This creepy, un-American document has a pedigree going back to Bush I, when -- surprise! -- Dick Cheney and Paul Wolfowitz were at the Department of Defense and both such geniuses that they not only didn't see the collapse of the Soviet Union coming, they didn't believe it after they saw it.
In those days, this plan for permanent imperial adventurism was called "Defense Strategy for the 1990s" and was supposed to be a definitive response to the Soviet threat. Then the Soviet threat disappeared, and the same plan re-emerged as a response to the post-Soviet world.
It was roundly criticized at the time, its manifest weaknesses attacked by both right and left. Now it is back yet again as the answer to post-Sept. 11. Sort of like the selling of the Bush tax cut -- needed in surplus, needed in deficit, needed for rain and shine -- the plan exists apart from rationale. ` As Frances Fitzgerald points out in the Sept. 26 New York Review of Books, its most curious feature is the combination of triumphalism and almost unmitigated pessimism. Until last Friday, when the thing was re-released in its new incarnation, it contained no positive goals for American foreign policy, not one. Now the plan is tricked out with rhetoric like earrings on a pig about extending freedom, democracy and prosperity to the world. But as The New York Times said, "It sounds more like a pronouncement that the Roman Empire or Napoleon might have produced."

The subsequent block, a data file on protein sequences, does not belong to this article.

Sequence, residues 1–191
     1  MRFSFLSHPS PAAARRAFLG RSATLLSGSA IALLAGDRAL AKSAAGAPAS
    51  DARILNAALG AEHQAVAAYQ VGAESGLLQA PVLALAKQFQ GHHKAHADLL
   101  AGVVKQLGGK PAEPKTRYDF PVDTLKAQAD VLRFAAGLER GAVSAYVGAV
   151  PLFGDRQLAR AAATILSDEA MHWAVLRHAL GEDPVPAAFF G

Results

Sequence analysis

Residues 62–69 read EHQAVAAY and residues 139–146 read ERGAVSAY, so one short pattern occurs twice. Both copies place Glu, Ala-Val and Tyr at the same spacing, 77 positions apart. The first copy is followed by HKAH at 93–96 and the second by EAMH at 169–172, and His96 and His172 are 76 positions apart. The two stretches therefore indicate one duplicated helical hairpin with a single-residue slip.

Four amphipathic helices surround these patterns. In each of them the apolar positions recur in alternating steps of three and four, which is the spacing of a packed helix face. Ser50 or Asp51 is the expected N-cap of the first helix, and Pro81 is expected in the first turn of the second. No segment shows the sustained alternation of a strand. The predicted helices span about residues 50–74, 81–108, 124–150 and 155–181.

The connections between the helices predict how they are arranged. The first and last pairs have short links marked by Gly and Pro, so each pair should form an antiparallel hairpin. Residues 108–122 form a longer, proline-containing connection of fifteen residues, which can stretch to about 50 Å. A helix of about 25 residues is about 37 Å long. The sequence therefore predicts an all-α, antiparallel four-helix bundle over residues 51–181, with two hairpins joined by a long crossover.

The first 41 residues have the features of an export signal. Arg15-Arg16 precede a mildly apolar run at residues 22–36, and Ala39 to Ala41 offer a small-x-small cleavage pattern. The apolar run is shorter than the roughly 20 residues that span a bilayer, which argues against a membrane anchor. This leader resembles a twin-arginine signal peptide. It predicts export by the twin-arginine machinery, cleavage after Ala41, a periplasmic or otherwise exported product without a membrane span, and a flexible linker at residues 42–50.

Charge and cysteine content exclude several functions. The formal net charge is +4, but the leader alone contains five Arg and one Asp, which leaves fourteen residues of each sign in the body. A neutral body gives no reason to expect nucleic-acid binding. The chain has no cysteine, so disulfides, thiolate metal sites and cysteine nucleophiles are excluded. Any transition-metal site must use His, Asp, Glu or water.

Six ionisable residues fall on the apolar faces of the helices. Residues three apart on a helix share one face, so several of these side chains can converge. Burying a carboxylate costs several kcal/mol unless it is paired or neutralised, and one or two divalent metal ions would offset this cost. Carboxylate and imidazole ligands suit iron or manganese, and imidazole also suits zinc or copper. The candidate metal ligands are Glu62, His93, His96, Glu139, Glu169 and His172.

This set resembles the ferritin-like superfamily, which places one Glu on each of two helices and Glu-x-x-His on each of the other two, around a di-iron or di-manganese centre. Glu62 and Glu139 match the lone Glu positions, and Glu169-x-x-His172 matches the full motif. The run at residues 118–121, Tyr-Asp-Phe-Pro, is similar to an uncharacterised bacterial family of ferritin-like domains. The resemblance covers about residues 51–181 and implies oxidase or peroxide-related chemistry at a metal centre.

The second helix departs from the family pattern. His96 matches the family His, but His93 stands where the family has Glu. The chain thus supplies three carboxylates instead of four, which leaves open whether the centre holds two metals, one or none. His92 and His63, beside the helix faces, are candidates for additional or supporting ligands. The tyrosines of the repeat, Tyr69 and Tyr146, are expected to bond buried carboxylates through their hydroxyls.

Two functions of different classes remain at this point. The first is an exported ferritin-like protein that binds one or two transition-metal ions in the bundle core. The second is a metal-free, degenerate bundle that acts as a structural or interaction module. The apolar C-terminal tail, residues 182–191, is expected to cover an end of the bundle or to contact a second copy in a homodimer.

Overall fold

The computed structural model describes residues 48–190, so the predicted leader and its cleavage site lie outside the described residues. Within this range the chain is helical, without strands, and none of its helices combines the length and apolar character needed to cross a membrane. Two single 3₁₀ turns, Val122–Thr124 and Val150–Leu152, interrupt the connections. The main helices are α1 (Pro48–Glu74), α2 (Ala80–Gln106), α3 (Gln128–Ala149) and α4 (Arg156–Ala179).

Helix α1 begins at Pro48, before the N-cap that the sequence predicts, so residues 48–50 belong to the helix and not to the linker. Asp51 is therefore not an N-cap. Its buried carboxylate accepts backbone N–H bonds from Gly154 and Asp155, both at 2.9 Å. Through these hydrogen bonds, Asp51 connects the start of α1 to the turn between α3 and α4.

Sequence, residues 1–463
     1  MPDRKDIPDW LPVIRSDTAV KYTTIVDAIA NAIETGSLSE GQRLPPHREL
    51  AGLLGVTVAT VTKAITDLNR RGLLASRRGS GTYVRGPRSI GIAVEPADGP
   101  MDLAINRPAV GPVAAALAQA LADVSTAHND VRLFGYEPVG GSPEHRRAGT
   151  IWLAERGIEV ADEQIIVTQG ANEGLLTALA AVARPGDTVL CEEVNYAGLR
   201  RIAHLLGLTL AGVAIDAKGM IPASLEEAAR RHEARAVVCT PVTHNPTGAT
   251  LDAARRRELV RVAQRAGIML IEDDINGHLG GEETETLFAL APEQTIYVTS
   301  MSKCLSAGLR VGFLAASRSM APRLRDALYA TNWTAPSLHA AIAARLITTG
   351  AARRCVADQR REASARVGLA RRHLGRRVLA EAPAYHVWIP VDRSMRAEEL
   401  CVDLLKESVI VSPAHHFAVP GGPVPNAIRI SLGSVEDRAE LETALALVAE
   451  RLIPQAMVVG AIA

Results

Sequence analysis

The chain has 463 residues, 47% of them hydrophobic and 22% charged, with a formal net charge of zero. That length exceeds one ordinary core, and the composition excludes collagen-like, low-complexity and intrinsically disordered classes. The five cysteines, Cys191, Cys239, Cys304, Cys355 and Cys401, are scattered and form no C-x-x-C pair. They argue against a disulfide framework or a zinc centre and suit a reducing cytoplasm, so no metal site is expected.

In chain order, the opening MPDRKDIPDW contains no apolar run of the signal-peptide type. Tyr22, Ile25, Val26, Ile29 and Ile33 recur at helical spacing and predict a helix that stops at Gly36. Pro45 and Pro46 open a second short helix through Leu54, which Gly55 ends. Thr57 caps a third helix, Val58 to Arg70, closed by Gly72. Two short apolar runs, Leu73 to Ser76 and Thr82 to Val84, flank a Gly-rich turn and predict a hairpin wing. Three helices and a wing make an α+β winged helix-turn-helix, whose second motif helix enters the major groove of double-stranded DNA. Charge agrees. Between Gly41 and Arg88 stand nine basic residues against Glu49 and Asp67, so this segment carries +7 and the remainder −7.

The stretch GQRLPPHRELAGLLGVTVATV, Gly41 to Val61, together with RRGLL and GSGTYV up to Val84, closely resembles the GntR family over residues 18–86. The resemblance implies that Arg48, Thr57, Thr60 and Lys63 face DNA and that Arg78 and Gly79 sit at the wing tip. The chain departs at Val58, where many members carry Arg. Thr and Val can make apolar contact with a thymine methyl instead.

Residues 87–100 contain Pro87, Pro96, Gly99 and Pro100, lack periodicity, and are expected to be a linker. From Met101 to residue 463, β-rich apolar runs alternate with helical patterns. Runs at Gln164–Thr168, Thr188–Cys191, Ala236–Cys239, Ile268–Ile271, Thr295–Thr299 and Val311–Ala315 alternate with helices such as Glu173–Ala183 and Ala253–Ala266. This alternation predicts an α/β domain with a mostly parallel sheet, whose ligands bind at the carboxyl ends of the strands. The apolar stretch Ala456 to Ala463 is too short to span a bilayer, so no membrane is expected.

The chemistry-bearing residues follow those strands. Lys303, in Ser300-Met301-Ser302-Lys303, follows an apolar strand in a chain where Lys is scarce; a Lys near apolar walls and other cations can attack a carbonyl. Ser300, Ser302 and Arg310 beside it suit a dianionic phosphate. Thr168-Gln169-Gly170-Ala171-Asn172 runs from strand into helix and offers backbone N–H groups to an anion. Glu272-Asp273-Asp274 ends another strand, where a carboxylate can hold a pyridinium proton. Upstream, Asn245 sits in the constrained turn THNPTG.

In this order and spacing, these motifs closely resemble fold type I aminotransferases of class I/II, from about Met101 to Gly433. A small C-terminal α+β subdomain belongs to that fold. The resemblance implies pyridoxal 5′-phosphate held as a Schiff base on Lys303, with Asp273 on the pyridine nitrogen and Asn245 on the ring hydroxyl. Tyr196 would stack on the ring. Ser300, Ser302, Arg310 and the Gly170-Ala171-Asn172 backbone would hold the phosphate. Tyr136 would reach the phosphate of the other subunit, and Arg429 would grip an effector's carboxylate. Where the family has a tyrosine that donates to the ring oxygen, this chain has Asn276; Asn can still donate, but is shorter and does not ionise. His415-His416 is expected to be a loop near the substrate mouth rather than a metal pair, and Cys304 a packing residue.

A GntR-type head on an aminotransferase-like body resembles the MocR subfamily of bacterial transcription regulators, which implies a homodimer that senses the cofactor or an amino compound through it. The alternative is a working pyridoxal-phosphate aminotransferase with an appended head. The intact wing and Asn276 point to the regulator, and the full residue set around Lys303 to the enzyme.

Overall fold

This reckless, hateful and ineffective approach to the rest of the world has glaring weaknesses. It announces that we intend to go in and take out everybody else's nukes (27 countries have them) whenever we feel like it. Meanwhile, we're doing virtually nothing to stop their spread.
Last month, Ted Turner's Nuclear Threat Initiative had to pony up $5 million to get poorly secured, weapons-grade uranium out of Belgrade. Privatizing disarmament, why didn't we think of that before?
The final absurdity is that the plan is supposed to Stop Change. Does no one in the administration read history?
Tuesday, September 24, 2002
Preach on, Molly.
by Atrios at 08:20